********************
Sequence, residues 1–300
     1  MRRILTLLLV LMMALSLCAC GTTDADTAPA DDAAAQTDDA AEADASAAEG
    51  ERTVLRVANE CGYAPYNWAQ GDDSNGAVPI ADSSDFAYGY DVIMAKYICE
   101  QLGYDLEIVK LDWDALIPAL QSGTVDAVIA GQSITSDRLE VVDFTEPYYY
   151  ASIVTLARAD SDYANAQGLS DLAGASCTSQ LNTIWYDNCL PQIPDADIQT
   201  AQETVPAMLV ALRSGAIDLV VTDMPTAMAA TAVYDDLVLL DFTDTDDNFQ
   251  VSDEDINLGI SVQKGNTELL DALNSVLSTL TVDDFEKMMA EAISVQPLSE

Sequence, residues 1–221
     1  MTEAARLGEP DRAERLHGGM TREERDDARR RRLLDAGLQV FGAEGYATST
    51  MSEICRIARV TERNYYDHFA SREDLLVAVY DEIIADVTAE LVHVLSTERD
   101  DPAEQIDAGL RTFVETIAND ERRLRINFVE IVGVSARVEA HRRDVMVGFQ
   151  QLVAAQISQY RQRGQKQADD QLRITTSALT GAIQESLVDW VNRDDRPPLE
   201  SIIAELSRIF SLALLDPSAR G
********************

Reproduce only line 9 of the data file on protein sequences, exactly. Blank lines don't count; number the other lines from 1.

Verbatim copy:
     1  MTEAARLGEP DRAERLHGGM TREERDDARR RRLLDAGLQV FGAEGYATST